'The West enters war to bring good? That's colonial mindset'
By Li Jingjing
Even after so many wars across the world and the consequent casualties, "they still have this huge feeling that the West only acts to bring good, never for some bad purpose, the adversaries of the West are always savages, that's the colonial mindset," Vijay Prashad, Indian journalist and executive director of Tricontinental: Institute for Social Research, slapped the absurd standard that exists among some people and media in the West in a recent interview with CGTN.
As an experienced journalist and writer, Prashad has long been an outspoken critic of the hegemony and imperialism of Western governments.
Even with the incredible amount of evidence for war crimes revealed by whistleblowers like Chelsea Manning, many still believe the wars waged by some Western governments are in goodwill despite the brutal killing of locals in masses, Prashad said. Yet when the colonized people rise up, they are often described as "savages."
The same attitude applies to the recent "AUKUS," the new military pact between the U.S., the UK and Australia, which means the former two countries will help the latter to build nuclear-powered submarines and thus increase their military presence in the Pacific Region.
Some media outlets claim aggression from China led to the formation of the new trilateral pact, despite countries like the U.S. having hundreds of military bases across the Indian and Pacific oceans and consistently encroaching in China's waters.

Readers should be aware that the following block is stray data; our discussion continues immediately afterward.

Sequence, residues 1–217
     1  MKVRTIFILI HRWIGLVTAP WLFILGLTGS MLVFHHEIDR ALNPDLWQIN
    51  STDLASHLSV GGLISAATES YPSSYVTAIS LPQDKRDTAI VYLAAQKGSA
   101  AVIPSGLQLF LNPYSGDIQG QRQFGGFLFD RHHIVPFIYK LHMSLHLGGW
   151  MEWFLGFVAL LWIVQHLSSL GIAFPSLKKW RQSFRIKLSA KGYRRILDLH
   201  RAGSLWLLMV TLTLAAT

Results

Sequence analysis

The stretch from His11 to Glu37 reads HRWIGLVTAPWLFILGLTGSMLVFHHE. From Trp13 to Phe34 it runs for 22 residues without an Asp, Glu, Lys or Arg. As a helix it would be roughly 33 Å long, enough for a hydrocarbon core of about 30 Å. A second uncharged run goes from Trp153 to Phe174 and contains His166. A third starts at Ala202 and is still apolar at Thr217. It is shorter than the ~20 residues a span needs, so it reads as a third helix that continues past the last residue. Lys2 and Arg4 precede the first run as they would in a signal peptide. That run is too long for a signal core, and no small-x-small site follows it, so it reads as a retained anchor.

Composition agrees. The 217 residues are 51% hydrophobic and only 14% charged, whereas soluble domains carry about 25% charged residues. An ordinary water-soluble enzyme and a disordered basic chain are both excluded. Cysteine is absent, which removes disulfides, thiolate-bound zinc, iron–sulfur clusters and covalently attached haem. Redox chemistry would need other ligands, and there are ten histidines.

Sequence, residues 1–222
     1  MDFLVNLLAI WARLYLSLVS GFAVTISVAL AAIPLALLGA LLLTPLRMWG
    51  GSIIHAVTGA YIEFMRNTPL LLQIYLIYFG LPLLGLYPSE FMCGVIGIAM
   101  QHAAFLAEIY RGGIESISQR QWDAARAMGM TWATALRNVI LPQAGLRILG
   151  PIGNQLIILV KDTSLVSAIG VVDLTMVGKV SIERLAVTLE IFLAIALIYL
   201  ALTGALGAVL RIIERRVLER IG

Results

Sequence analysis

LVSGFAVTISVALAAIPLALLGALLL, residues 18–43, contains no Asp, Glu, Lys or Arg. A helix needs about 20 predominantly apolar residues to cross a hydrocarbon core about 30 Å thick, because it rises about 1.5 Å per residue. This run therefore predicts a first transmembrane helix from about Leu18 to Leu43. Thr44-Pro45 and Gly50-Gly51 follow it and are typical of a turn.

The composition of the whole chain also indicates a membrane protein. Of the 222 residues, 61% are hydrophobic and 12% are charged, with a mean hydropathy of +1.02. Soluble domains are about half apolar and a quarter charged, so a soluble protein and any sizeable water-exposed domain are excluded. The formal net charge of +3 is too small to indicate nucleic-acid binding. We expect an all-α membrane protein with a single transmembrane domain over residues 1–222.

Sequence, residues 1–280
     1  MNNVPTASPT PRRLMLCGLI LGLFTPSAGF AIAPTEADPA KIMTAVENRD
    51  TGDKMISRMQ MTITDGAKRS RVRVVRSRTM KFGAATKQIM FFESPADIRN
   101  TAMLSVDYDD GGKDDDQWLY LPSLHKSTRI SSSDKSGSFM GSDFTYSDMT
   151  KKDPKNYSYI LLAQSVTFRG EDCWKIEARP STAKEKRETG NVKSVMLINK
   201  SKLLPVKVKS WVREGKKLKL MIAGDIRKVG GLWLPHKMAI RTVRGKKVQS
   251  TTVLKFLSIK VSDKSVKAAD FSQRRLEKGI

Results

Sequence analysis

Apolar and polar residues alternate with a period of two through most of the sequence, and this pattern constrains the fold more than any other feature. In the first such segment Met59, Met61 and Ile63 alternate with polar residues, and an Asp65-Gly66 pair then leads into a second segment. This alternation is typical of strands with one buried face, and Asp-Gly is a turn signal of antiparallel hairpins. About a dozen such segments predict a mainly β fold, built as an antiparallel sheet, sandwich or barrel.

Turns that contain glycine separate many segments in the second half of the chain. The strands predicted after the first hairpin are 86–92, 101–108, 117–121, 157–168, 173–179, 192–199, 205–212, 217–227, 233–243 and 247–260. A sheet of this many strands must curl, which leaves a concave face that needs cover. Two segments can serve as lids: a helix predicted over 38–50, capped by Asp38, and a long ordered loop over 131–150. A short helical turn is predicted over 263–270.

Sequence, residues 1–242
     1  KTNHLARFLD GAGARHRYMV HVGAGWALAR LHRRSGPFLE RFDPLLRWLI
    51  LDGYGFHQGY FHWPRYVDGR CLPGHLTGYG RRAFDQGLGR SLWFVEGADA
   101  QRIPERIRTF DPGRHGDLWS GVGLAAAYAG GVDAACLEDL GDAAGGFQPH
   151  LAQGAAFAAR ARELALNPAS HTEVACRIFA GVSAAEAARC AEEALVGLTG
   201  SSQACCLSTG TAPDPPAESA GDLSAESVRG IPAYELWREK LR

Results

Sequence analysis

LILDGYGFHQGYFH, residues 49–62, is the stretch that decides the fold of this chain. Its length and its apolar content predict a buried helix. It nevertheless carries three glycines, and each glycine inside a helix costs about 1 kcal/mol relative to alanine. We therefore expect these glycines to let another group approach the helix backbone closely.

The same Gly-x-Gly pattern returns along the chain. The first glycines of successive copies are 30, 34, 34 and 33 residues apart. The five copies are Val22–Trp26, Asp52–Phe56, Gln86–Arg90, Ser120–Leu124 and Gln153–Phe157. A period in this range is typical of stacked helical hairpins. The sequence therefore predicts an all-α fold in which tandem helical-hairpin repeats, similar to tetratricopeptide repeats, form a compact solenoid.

"You worry about the integrity of islands? Deal with climate change!" Prashad said, adding that rising sea levels are more of a threat to those islands if those governments truly care them. "Deal with the fact Emmanuel Macron went to the so-called French Polynesia, and he was asked to apologize for over 30 years of nuclear testing so far away from territory of France, let's talk about those aggressions also."
Although Prashad criticized U.S. foreign policy, he emphasized it's not to demonize or defeat the U.S. government. It's about building a multilateral world where other countries are able to put forward their opinions, he said, where people respect other people's opinions.
"We need to move away from a unipolar world system where one country tries to define everything, we need to move to regionalism, to multipolarity, we need to have a much more multilateral world order," he added.